There are signs that, despite Judge Albright’s best efforts, the rest of the world might not support turning the Western District of Texas into another NPE haven like the Eastern District in its glory days. After Judge Albright’s efforts to make sure Waco was “open for business for patent cases”, NPEs flocked to the Waco courthouse—in fact, one in five patent cases in 2020 will have been filed there, and 85% of those are NPE lawsuits.
But in the past few months, there have been potential setbacks to NPEs’ project to turn the Waco Division of the Western District into their new hometown.
Juries Aren’t All The Same
The first setback for NPEs came in Judge Albright’s first patent trial. In that trial, an NPE called MV3 Partners claimed Roku infringed their patent on a particular type of set-top box with functions for media authentication and rescaling. (MV3 Partners has never made a product and appears to have no public presence; the inventor is also MV3’s managing partner, Jared Abbruzzese, a businessman, lobbyist, and racehorse owner.) During the inventor’s deposition, he couldn’t remember anything about the patent.
As it turns out, that might not be the recipe for a winning case in Western Texas. Jurors decided that MV3’s patent hadn’t been infringed, rejecting MV3’s claim that it was owed $41 million. Western Texas juries—especially in the Austin area—may prove to be more technically sophisticated than Eastern Texas juries and less favorable to the property rights arguments that are favorites of Eastern Texas plaintiffs.
That said, this is just the first trial—any judgment about whether Western District juries are less willing to favor NPEs will have to see how the next few trials go.
Federal Circuit Skepticism
The result in MV3 isn’t the only thing that might concern plaintiffs. Over the past few months, the Federal Circuit appears to have taken an increasingly skeptical view of Judge Albright’s decisions.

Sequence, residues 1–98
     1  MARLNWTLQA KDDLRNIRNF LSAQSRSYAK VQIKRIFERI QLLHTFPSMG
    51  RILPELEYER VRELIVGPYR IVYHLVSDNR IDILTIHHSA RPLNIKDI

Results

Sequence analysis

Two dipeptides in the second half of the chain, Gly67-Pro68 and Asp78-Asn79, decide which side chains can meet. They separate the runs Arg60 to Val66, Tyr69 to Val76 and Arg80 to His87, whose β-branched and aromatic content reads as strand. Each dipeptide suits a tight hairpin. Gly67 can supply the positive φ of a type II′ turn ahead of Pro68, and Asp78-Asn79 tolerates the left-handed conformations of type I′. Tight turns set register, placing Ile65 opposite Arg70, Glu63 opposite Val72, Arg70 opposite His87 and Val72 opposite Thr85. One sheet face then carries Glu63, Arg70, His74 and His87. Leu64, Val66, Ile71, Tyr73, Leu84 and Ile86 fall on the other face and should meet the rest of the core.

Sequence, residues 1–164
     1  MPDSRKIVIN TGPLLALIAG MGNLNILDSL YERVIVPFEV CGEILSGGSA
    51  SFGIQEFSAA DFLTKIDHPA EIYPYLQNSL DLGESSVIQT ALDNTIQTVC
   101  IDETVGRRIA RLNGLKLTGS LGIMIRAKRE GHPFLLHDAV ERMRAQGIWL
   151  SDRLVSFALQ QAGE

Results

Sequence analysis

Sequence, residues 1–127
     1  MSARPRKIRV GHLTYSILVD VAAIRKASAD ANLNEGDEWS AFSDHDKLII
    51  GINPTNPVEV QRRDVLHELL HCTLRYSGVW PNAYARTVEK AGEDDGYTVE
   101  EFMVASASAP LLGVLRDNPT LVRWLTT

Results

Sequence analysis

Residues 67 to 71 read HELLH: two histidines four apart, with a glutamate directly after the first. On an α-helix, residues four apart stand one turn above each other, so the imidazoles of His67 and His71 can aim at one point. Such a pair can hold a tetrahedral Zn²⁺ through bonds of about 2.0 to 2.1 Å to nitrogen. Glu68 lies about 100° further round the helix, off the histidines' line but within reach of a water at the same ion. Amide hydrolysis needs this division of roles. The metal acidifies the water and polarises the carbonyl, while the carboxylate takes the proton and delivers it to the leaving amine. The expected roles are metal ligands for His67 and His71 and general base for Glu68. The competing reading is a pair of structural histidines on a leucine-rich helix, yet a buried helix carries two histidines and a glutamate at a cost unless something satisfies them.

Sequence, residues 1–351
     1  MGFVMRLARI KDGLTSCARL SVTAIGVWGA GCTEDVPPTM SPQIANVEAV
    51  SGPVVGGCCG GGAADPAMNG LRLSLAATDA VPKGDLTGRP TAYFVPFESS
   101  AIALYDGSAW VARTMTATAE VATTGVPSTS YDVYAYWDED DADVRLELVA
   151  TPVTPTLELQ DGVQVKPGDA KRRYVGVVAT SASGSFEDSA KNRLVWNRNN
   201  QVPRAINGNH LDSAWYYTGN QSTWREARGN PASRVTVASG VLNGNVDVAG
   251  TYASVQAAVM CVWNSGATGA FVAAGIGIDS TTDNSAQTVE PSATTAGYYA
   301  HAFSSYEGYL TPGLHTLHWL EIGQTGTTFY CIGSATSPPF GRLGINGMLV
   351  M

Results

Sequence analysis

First, there was In re Apple, where the Federal Circuit—in the course of denying a motion for transfer—”question[ed] the propriety” of one of Judge Albright’s rulings, throwing doubt on whether he had applied the proper standard of decision. While that error was ultimately harmless, as the motion for transfer failed on other grounds, the Federal Circuit still felt the need to identify this error.
Next, there was In re Adobe, in which the Federal Circuit found that Judge Albright had committed a “clear abuse of discretion” in refusing to transfer a case to California based primarily on an alleged ability to run cases more quickly in his courtroom. Even if that were true, the Federal Circuit noted that the congestion factor requires an appreciable difference, not simply a small difference in time to trial, that the general ability to set a schedule says nothing about the actual ability to try cases, and that court congestion alone cannot outweigh other factors, such as convenience of witnesses.
Third, the Federal Circuit’s In re Sand Revolution noted that the district court “ruling was cursory.” While this alone was not sufficient to justify mandamus, the Federal Circuit was clearly signaling concern that Judge Albright wasn’t doing enough analysis to justify his decisions to keep cases moving in the Western District.
And this week, the Federal Circuit issued its ruling in In re Nitro Fluids, finding that “the very cases relied on by the district court make clear that it had matters backwards.” And again, the Federal Circuit was forced to note that “the district court’s explanation in these respects is cursory” and “consist[ed] of two sentences, neither of which meaningfully discuss” the relevant issues.
The Future of the Western District
While promising, this is just the result from one case and a few orders from the Federal Circuitover the last few months. The Federal Circuit is clearly keeping an eye on the Western District, perhaps to avoid a repeat of the problems in the Eastern District last decade, problems that continue to this day. And for plaintiffs, while the rules employed by Judge Albright in the Western District may remain attractive, the prospect of a skeptical jury pool and an attentive Federal Circuit might not be.
Judge Albright’s stated intent is to create “a serious venue for sophisticated patent litigation.” Only time will tell if the Western District will continue to cater to NPEs instead.